Michael Tanner

Les Troyens

Marvel anew at the nobility and intensity of Berlioz’s inspirational epic opera

Grade: A-
Berlioz’s Les Troyens, one of the greatest operatic masterpieces, manages to be neglected even if it is quite often performed. The vast reputations of the most popular operatic composers seem to grow ever larger with the years, but Berlioz somehow always needs defending.

Listening to this latest CD set, ‘live’ from Strasbourg, I was struck as always by the magnificence of much of the music, and the characteristic lurches into banality or irrelevance that account, I suspect, for the work being so often underrated. But when you get to the last half-hour, Aeneas’s departure for Rome, and Dido’s rage, misery, curses, sudden accesses of calm, fresh outbursts, serene acceptance of utter loss, and final doomed realisation of Rome’s triumph, you find yourself on a level that simply dwarfs most other operas’ attempts at the classical sublime. There’s been plenty of wonderful music before this moment, but even if there hadn’t been, that would be worth waiting for.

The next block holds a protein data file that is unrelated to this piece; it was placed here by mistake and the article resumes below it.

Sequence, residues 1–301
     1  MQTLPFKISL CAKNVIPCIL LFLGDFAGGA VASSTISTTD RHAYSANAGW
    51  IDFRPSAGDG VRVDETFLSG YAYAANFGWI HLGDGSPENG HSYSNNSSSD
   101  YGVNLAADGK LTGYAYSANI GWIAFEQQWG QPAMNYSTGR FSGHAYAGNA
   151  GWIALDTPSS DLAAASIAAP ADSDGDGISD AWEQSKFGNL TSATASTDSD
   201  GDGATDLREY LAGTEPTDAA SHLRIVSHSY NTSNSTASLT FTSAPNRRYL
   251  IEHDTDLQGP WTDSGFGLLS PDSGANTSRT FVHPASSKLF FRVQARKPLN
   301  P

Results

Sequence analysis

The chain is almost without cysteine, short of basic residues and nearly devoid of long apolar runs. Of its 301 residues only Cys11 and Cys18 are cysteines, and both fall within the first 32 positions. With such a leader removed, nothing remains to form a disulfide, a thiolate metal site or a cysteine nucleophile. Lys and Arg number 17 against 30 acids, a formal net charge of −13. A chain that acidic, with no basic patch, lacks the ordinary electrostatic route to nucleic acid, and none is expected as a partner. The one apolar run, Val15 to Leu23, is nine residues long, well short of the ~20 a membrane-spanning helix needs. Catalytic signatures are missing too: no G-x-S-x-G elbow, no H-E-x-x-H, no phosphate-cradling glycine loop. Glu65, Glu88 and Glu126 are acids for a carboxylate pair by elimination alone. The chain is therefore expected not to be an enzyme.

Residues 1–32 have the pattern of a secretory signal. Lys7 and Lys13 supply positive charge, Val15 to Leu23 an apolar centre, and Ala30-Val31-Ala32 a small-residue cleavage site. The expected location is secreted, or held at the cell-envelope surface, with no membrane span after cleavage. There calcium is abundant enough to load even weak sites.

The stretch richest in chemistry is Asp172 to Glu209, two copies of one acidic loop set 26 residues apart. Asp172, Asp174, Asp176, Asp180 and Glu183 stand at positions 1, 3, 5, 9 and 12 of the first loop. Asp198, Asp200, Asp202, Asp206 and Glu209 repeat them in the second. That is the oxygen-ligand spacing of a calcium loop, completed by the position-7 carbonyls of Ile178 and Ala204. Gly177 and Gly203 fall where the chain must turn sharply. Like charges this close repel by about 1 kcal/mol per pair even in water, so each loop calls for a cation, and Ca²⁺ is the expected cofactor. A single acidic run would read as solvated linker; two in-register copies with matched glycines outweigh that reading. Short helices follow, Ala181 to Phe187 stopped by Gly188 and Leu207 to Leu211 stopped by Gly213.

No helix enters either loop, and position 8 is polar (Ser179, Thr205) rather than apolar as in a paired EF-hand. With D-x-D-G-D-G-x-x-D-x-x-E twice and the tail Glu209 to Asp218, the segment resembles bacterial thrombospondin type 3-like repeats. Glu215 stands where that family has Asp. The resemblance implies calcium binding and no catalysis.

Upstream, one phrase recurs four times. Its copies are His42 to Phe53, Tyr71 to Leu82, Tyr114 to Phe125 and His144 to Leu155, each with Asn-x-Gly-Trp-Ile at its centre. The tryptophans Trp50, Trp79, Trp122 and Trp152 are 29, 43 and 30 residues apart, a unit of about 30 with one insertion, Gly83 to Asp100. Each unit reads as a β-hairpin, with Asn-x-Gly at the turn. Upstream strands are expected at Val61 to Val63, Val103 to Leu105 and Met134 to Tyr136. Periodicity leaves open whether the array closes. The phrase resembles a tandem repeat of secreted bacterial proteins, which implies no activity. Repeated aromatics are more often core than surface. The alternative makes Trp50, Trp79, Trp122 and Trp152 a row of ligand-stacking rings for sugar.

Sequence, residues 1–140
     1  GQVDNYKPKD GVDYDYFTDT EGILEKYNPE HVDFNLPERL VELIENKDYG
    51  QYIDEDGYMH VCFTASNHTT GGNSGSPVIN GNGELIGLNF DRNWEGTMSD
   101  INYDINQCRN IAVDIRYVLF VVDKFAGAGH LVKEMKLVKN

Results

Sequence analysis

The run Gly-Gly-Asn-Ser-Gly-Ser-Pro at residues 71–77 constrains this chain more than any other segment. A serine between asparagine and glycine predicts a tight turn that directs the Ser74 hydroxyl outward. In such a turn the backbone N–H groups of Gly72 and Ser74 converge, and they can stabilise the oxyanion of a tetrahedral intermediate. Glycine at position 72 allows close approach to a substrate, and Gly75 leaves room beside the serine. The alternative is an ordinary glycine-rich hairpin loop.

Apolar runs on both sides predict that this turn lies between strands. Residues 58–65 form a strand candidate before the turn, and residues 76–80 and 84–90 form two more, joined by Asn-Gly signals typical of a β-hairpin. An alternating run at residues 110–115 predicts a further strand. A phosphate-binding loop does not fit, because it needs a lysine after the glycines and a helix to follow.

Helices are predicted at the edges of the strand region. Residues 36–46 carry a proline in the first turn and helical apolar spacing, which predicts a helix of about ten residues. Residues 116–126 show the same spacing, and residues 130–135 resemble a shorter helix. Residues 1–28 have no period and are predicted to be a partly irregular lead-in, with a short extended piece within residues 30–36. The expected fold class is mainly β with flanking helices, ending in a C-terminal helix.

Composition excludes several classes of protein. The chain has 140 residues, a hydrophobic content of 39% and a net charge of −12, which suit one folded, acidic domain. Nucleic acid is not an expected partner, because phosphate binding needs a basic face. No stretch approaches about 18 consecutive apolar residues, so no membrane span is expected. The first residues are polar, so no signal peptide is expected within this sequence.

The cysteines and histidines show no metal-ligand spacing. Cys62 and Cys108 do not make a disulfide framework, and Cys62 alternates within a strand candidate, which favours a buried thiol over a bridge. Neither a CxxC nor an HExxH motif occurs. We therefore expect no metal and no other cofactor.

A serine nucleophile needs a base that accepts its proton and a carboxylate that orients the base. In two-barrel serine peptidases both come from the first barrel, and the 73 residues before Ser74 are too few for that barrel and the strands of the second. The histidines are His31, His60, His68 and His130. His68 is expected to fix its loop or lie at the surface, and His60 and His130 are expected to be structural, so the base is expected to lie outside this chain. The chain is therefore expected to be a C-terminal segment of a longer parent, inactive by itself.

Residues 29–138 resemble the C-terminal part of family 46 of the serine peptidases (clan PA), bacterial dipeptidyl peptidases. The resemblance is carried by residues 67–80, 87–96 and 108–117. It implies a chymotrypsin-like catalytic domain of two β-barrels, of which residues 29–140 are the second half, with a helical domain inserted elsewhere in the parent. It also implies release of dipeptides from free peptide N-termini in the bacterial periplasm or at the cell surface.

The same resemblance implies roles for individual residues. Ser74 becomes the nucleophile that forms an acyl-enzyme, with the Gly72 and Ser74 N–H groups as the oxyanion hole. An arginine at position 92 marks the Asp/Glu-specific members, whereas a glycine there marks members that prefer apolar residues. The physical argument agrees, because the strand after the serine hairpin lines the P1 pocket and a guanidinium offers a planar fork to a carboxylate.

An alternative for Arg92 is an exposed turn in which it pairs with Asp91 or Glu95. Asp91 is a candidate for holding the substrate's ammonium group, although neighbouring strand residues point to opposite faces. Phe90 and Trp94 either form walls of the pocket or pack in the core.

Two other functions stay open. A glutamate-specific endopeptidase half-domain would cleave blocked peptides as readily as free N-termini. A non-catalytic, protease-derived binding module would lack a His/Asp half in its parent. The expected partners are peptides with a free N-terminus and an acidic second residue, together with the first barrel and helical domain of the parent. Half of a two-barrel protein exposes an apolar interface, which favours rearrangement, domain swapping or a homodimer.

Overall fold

I venture to suggest that Les Troyens will take its rightful place in the repertoire only if about one of its four hours is cut. Yet, today, cuts are regarded as blasphemous, which does at least as much harm as good.

Meanwhile, enjoy Joyce DiDonato as an impassioned Dido, Marie-Nicole Lemieux as Cassandra, and Michael Spyres as Aeneas, under John Nelson’s inspired direction (there’s a DVD of extracts from the performances as an extra), and marvel anew at the nobility and intensity of Berlioz’s inspiration.

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